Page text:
The Yemassee

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Rowman & Littlefield, Jan 1, 1964 - Fiction - 416 pages
2 Reviews
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Review: Yemassee: Romance of Carolina

User Review  - Pat - Goodreads

Dated writing style (early 1800s) and attitudes, but a good story based on real incidents. Read full review

Review: Yemassee: Romance of Carolina

User Review  - Jed - Goodreads

Read just for the storybook value, this is a pretty good one. Read for the historical/sociological value, this is a treasure trove. Written just before the outbreak of the Civil War, Simms, a partisan ... Read full review

Selected pages

Contents

CHAPTER I
27
CHAPTER II
32
CHAPTER III
38
CHAPTER IV
45
CHAPTER V
51
CHAPTER VI
59
CHAPTER VII
67
CHAPTER VIII
81
CHAPTER XVIII
228
CHAPTER XXIX
234
CHAPTER XXX
241
CHAPTER XXXI
247
CHAPTER XXXII
254
CHAPTER XXXIII
261
CHAPTER XXXIV
267
CHAPTER XXXV
277

CHAPTER IX
90
CHAPTER X
97
CHAPTER XI
107
CHAPTER XII
114
CHAPTER XIII
120
CHAPTER XIV
128
CHAPTER XV
132
CHAPTER XVI
138
CHAPTER XVII
148
CHAPTER XVIII
154
CHAPTER XIX
161
CHAPTER XX
166
CHAPTER XXI
173
CHAPTER XXII
179
CHAPTER XXIII
187
CHAPTER XXIV
195
CHAPTER XXV
201
CHAPTER XXVI
214
CHAPTER XXVII
223
CHAPTER XXXVI
282
CHAPTER XXXVII
287
CHAPTER XXXVIII
294
CHAPTER XXXIX
305
CHAPTER XL
310
CHAPTER XLI
316
CHAPTER XLII
323
CHAPTER XLIII
331
CHAPTER XLIV
338
CHAPTER XLV
345
CHAPTER XLVI
354
CHAPTER XLVII
364
CHAPTER XLVIII
371
CHAPTER XLIX
384
CHAPTER L
390
CHAPTER LI
397
CHAPTER LII
404
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Popular passages

Page 23 - In every work regard the writer's end, Since none can compass more than they intend; And if the means be just, the conduct true, Applause, in spite of trivial faults, is due.
Page 23 - modern romance is the substitute which the people of the present day offer for the ancient epic," and his heart beat to be another Homer.
Page 24 - Croly — are very much those of the epic. It invests individuals with an absorbing interest — it hurries them rapidly through crowding and exacting events, in a narrow space of time — it requires the same unities of plan, of purpose, and of harmony of parts, and it seeks for its adventures among the wild and wonderful.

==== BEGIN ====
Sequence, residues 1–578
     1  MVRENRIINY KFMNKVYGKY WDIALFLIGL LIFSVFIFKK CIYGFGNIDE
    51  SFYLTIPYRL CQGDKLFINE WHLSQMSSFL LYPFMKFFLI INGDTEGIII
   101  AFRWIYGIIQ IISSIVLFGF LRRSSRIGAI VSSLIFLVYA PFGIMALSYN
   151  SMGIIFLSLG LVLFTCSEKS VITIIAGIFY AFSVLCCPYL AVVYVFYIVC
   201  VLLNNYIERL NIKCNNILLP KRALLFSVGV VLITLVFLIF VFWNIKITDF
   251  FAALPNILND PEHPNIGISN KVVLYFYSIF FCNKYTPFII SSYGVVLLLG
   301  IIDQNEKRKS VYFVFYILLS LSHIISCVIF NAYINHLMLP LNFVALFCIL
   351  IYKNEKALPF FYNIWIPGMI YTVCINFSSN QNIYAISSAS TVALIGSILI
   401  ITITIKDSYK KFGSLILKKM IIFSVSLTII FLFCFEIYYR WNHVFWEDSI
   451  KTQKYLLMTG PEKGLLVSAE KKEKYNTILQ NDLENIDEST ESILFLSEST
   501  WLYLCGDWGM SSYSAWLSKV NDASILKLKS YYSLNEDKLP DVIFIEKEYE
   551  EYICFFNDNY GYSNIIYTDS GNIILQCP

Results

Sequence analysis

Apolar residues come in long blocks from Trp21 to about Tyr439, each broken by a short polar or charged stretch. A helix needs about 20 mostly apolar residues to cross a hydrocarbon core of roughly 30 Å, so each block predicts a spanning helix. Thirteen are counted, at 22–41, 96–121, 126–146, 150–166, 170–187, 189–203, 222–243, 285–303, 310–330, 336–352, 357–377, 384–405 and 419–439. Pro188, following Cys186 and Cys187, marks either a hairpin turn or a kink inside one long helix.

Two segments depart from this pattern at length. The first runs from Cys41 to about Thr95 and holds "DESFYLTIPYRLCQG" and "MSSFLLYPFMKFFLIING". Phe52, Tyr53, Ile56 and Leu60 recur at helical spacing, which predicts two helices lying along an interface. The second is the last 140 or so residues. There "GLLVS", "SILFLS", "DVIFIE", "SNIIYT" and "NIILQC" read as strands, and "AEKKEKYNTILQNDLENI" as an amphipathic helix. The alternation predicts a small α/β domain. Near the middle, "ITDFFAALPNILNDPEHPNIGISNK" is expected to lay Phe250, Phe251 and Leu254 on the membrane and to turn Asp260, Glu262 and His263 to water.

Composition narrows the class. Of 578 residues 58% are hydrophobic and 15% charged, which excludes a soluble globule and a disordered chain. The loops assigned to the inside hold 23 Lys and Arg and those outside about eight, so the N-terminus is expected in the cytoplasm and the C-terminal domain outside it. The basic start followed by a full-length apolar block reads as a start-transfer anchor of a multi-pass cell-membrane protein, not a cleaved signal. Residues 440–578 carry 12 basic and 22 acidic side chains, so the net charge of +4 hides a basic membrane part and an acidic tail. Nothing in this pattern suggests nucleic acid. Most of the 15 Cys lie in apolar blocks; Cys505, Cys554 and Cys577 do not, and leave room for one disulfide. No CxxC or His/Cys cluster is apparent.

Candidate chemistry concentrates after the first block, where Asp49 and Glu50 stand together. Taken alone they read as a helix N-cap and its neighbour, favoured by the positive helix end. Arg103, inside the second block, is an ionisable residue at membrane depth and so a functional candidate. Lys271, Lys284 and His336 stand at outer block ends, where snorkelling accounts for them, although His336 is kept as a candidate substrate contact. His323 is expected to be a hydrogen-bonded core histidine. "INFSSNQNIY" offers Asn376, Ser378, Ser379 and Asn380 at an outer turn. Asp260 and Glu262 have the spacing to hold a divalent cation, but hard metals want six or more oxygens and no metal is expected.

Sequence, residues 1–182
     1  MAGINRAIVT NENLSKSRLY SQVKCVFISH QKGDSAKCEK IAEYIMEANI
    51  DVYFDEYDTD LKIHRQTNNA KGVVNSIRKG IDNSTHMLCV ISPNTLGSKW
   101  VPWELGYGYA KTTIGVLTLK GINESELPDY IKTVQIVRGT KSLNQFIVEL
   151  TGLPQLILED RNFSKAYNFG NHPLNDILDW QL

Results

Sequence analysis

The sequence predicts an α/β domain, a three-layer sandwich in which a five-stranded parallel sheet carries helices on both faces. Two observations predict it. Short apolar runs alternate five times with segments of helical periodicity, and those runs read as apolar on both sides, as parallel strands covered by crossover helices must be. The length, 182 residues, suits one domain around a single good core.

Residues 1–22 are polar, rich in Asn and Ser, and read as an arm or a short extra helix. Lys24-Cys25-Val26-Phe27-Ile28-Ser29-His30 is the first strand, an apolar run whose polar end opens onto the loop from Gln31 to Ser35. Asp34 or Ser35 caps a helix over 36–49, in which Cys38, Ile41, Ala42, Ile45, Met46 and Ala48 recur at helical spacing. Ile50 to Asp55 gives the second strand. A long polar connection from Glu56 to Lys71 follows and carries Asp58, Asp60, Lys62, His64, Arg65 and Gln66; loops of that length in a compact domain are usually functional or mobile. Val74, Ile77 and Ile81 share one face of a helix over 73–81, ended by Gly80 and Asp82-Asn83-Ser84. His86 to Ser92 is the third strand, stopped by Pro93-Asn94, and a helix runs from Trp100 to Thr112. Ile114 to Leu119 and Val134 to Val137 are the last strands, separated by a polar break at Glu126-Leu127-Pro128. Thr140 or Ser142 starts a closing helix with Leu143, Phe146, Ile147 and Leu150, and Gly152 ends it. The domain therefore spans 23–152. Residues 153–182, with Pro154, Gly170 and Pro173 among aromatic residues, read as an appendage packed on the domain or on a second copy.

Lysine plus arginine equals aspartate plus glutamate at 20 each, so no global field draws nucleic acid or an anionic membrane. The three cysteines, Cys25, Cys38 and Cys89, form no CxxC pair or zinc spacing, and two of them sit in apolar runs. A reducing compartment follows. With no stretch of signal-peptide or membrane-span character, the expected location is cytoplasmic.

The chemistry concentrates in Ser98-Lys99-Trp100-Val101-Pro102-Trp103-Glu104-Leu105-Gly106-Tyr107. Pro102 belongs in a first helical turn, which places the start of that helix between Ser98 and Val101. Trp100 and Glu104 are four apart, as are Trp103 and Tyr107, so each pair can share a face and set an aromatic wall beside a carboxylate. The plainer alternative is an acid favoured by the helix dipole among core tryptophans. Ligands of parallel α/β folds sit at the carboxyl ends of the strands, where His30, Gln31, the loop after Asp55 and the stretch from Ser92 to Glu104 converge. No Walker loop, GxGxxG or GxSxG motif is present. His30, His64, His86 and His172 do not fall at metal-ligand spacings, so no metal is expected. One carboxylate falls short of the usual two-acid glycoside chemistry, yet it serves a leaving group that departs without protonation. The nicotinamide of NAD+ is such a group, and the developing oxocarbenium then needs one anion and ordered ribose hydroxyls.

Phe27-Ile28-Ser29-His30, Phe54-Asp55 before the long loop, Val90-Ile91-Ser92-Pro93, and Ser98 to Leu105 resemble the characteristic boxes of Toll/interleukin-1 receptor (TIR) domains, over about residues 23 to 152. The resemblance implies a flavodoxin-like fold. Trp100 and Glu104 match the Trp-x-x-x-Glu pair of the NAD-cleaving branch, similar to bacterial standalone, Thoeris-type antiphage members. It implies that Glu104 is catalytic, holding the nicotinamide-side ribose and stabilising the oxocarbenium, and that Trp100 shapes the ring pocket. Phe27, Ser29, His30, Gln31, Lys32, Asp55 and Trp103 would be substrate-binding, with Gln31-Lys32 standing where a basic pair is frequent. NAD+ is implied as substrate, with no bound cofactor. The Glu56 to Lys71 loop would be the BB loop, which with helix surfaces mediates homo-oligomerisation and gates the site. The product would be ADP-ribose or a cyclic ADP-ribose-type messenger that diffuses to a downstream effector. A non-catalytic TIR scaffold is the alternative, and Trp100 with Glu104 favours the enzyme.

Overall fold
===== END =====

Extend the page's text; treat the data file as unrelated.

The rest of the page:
Page 24 - When I say that our Romance is the substitute of modern times for the epic or the drama, I do not mean to say that they are exactly the same things, and yet, examined thoroughly . . . the differences between them are very slight. These differences depend upon the material employed, rather than upon the particular mode in which it is used.

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About the author (1964)

William Gilmore Simms was born in Charleston, South Carolina, April, 17 1806. His academic education was received in the school of his native city, where he was for a time a clerk in a drug and chemical house. Though his first aspirations were for medicine, he studied law at eighteen, but never practised. In 1827, he published in Charleston a volume of Lyrical and other Poems, his first attempt in literature. The following year, he became editor and partial owner of the Charleston City Gazette. In 1829 he published another volume of poems, The Vision of Cortes, and in 1830, The Tricolor. His paper proved a bad investment, and through its failure, in 1833, he was left penniless. Simms decided to devote himself to literature, and began a long series of volumes which did not end till within three years of his death.He published a poem entitled "Atalantis, a Tale of the Sea" (New York, 1832), the best and longest of all his poetic works. The Yemassee is considered his best novel, but Simms is mainly known as a writer of fiction, the scene of his novels is almost wholly southern. He was for many years a member of the legislature, and in 1846 was defeated for lieutenant-governor by only one vote. Simmd died in Charleston on June, 11 1870.

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